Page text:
One of the most insightful comments on the U.S. Treasury bailout of the banks came from a recent "Doonesbury" cartoon. One character notes that America is privatizing wealth and nationalizing risk. In other words, people at the top are extracting riches from the financial system, while the taxpayers hold a safety net under those same institutions when they fail. They're "too big to fail," right? These days, I feel that we middle class householders are too little to succeed. I look at my 401(k) and college savings plans with real dread after last week's stock market plummet. The trend has all been toward handing us more risk for our own financial futures.
A story today from the Associated Press explains that college savings funds -- the New York State 529 plans -- have been hit by the recent whallop on Wall Street. Over the past two decades, secure company pension plans have mostly been replaced by 401(k) retirement savings -- which have also ridden the ups and mostly downs of the stock market. If President George W. Bush had had his way in 2005, the nation would have privatized Social Security as well.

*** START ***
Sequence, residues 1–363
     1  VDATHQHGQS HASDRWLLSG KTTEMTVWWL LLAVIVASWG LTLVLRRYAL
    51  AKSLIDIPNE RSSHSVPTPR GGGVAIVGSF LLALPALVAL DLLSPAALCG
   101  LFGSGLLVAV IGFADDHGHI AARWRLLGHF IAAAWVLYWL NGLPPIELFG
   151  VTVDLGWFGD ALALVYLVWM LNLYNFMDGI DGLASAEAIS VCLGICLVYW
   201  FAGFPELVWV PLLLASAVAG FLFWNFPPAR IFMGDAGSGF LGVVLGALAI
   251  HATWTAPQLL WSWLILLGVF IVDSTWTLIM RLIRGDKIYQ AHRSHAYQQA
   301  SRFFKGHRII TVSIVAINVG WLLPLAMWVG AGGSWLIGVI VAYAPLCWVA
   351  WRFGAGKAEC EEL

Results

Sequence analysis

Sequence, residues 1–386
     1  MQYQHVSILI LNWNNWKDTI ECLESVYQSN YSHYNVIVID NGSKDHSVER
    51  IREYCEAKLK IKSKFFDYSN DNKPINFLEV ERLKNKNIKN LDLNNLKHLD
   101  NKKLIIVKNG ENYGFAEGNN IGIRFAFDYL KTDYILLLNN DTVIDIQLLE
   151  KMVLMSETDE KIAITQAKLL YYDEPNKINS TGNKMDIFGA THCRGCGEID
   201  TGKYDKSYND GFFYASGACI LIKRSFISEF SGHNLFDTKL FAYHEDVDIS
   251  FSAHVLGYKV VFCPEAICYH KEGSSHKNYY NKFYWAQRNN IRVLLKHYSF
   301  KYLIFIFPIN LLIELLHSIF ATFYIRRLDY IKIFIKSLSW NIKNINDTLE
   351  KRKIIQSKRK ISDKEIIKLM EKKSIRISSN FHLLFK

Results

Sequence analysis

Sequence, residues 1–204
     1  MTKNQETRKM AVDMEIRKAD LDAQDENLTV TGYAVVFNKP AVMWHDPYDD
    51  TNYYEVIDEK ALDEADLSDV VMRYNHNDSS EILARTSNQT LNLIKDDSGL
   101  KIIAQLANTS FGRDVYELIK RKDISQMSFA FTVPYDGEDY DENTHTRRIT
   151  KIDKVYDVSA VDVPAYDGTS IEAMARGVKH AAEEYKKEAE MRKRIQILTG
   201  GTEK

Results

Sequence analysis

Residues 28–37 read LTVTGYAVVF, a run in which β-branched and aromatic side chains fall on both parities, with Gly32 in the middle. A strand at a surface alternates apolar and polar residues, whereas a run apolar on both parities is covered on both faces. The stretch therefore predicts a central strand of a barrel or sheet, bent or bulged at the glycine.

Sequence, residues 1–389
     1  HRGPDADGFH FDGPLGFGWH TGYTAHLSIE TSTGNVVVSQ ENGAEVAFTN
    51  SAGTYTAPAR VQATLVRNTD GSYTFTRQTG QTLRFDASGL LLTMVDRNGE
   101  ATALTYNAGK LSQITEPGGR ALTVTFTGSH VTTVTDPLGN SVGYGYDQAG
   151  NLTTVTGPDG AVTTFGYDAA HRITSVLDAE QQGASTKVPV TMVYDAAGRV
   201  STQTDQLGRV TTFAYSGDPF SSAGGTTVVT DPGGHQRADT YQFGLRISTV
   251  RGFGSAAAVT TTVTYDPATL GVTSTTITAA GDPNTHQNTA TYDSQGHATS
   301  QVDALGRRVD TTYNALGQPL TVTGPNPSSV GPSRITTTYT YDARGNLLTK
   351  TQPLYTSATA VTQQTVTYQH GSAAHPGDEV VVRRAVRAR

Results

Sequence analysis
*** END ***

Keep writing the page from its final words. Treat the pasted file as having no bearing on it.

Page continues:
Imagine tens of thousands of people waiting until the stock market recovers so they can retire, because both their 401(k) plans and privatized Social Security benefits were bottoming out with a bear market. As former Clinton Labor Secretary Robert Reich argues in his book "Supercapitalism," in the past 40 years or so, we have gone from a nation of beneficiaries to a nation of investors. And we have taken on all the risk that implies.
Now, if only Americans can figure out a way to time college readiness, aging and death to coincide with the appropriate phase of the market, this investor nation idea just might work. (Insert sarcastic tone here.)
This timing thing matters a lot to the middle class, which has very little cushion. But surely it matters far less to people who are rich enough to be insulated from market swings. This is how politicians lose touch with middle-class reality -- they become rich. Mr. Bush and the people around him are far out of touch.